Some small nations have entertained the idea. Were I fluent in Spanish I’d have already written to several Latin Foreign offices. Anyone have any thoughts on this?

  9. rich

    Where the Hell Is the Outrage?
    by Richard Eskow

    From the first breaths of life to the last, our lives are being stolen out from under us. From infant care and early education to Social Security and Medicare, the dominant economic ideology is demanding more lifelong sacrifices from the vulnerable to appease the gods of wealth.”It’s an almost classic state of alienation,” writes Eskow, “in which people may be acutely aware of their own increasing difficulties (although sometimes they can be numb to that as well) but experience them in a state of isolation.”

    Middle-class wages are stagnant. Unemployment is stalled at record levels. College education is leading to debt servitude and job insecurity. Millions of unemployed Americans have essentially been abandoned by their government. Poverty is soaring. Bankers break the law with impunity, are bailed out, and go on breaking the law, richer than they were before.

    And yet, bizarrely, the only Americans who seem to be seething with anger are the beneficiaries of this economic injustice – the wealthiest and most privileged among us. But those who are suffering seem strangely passive.


    Wealth inequity and other economic injustices are the product of deliberate policy choices – in taxation, Social Security, health care, financial regulation, education, and a number of other policy areas. So why aren’t Americans taking action?

    The “change” theories Krugman mentioned don’t tell the whole story. For one thing, it’s not true that the lives of the majority are frozen in an ugly stasis. Conditions continue to become objectively worse for the great majority of Americans. But these ongoing changes – in actual wages, in employment, in social mobility and wealth equity – have received very little media attention or meaningful political debate.

    It’s not that things aren’t changing. It’s that people don’t know they’re changing. And without that knowledge the public becomes a canary in a coalmine, only aware of its declining oxygen supply when it keels over and dies.

    It’s an almost classic state of alienation, in which people may be acutely aware of their own increasing difficulties (although sometimes they can be numb to that as well) but experience them in a state of isolation. That turns the anger inward, leading to crippling reactions like guilt and despair. And repeated individual failures – failures made increasingly likely in a skewed system – lead to a sense of learned helplessness.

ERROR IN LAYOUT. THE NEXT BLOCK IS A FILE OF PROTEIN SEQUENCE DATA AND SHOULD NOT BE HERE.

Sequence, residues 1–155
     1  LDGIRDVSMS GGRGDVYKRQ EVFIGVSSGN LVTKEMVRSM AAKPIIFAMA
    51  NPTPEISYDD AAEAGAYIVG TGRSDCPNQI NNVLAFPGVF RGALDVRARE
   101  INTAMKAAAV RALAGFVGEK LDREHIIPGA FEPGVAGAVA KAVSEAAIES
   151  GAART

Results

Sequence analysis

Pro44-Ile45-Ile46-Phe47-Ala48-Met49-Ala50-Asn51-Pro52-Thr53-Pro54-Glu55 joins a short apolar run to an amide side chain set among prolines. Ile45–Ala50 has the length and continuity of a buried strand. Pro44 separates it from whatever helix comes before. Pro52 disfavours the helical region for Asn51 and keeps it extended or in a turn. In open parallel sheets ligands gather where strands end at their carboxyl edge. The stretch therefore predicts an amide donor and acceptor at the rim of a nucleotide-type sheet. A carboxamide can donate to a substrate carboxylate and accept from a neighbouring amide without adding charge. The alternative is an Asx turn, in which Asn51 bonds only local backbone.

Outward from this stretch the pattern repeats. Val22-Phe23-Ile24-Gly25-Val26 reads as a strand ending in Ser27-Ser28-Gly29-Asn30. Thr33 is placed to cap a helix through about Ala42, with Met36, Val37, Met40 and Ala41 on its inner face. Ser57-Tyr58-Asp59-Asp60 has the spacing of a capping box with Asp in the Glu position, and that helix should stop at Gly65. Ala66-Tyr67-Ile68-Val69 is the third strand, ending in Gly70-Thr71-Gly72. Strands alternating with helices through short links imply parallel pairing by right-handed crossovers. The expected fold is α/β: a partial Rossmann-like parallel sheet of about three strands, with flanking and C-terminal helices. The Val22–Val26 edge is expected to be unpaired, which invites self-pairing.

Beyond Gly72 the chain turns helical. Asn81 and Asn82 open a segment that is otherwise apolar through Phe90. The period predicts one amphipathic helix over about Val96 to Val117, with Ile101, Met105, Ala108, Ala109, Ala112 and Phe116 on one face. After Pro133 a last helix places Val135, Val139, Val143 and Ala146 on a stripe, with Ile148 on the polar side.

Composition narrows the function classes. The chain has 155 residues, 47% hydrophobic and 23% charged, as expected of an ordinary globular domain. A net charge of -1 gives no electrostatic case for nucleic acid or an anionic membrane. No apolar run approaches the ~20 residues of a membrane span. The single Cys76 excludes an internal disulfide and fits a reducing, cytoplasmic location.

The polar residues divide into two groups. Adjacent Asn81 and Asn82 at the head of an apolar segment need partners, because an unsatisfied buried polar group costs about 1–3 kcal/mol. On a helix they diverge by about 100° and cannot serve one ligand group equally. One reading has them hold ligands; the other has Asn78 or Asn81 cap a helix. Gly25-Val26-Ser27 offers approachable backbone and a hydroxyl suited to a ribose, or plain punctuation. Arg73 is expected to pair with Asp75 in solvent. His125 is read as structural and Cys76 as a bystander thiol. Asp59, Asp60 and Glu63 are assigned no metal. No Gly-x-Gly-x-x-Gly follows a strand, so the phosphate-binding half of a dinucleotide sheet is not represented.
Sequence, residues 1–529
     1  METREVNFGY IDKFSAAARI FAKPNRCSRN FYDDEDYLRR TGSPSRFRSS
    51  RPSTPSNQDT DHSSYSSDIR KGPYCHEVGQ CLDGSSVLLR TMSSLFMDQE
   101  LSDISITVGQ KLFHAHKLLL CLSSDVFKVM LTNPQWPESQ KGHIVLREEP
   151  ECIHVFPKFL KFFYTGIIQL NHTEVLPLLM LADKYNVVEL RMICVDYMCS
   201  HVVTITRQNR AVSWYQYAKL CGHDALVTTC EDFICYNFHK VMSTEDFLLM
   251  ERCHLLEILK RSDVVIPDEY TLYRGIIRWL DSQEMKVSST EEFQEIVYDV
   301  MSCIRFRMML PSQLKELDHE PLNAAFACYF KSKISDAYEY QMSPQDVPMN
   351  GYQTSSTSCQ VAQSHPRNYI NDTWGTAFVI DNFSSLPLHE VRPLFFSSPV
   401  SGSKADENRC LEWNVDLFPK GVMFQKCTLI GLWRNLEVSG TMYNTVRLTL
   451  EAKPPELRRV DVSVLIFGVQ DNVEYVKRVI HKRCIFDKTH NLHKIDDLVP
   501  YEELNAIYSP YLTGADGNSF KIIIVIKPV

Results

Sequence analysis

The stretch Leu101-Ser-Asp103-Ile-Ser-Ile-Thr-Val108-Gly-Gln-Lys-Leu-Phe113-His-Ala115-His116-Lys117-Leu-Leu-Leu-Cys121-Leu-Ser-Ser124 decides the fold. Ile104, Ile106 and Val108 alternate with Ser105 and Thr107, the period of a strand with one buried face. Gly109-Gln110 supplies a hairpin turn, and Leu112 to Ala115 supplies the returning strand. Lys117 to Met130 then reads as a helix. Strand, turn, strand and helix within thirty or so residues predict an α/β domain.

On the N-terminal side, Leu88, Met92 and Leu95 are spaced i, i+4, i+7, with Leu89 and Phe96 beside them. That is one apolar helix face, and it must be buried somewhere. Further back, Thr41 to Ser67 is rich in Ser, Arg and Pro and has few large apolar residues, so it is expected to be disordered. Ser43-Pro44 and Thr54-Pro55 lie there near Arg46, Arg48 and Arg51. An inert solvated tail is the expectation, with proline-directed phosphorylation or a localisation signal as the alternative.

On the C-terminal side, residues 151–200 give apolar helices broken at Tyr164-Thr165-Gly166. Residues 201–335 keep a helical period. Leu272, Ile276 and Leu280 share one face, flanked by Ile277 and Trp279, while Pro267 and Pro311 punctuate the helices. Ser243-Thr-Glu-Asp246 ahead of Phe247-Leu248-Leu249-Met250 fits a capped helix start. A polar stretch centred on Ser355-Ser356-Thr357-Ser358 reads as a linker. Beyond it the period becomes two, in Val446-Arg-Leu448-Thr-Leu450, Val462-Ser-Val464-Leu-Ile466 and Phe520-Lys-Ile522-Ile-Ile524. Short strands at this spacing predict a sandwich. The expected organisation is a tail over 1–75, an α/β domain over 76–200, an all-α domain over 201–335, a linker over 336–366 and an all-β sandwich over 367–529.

The Radical Rich

  10. Hugh

    Another day in kleptocracy. The idiots in Florida inadvertently banning computers in their state is another example of kleptocratic devolution. It is the application of Gresham’s law to the political sphere. Corrupt politicians drive honest ones out of government. Less competent, but cheaper to buy, corrupt politicians replace crooked but competent ones.

    Meanwhile Apple vows to continue to fight the good fight to rig markets, or perhaps I should say rig them more, given that US intellectual property law already grants media corporations control of content in perpetuity.

    The Snowden affair shows the surveillance state has already arrived. It also illustrates the two-tiered nature of the US legal system which relentlessly pursues a whistleblower even as it has turned a blindeye to Wall Street and the largest frauds in human history.

    Europe continues to fall apart, that is be massively looted. As here, change will only come when the old order is overthrown, and the wealth stolen by the rich and elites is returned to the service of the people. We will know something is up when we begin to see mass actions, multiple general strikes, riots, and the establishment of popular movements which challenge all existing parties and political authority. The longer the inequities and criminality of the current system persist, the more violent and explosive its overthrow is likely to be.

    1. Massinissa

      Mostly im just unconvinced that Americans are at all ready to start considering themselves anything other than americans.

      We are clearly not getting to the point where we refer to ourselves as members of regions or states, like we did back in the 1800s.

      Most people are very very proud of their identity as ‘Americans’, whatever that is supposed to mean these days. So I dont see how this is truly relevant.

    2. reslez

      Failure cascade works for MMOs because players have no ties except nebulous online friendship. It’s much easier to dissociate from others when no one can force you to stay. An EVE pilot’s ultimate psychological defense against the pain of losing a war is to simply not log in. A tactic Goonswarm’s The Mittani understands full well.

      In the real world, the people you hang out with and the organizations you belong to are dictated by geography and family. If you want to find a new crowd that isn’t determined by your current geography, you have to phsyically go somewhere else. This is effortful and expensive. You can’t arbitrarily swap yourself into a new family at will. And sometimes you’re forced to remain in an organization you otherwise wouldn’t choose because of financial or legal necessities. MMOs offer freedom of action that doesn’t exist RL.

      We should distinguish sticky RL interpersonal ties and logistics from mere human social constructs. Failure cascade can very well happen to mere ideas like “my country” or “the dollar”. Propaganda attempts to convince us of its necessity, but when it comes down to it, how much does “my country” actually affect my day to day life? Look how quickly torture went from “despicable Nazi tactic” to “something the good guys do to protect us”. When cascade happens, it is breathtaking.

  11. fracking

    Now seismologists at Columbia University say they have identified three quakes – in Oklahoma, Colorado and Texas – that were triggered at injection-well sites by a major earthquake a long distance away.
    “The fluids (in wastewater injection wells) are driving the faults to their tipping point,” said Nicholas van der Elst of Columbia’s Lamont-Doherty Earth Observatory in Palisades, New York, who led the study. It was funded by the National Science Foundation and the U.S. Geological Survey.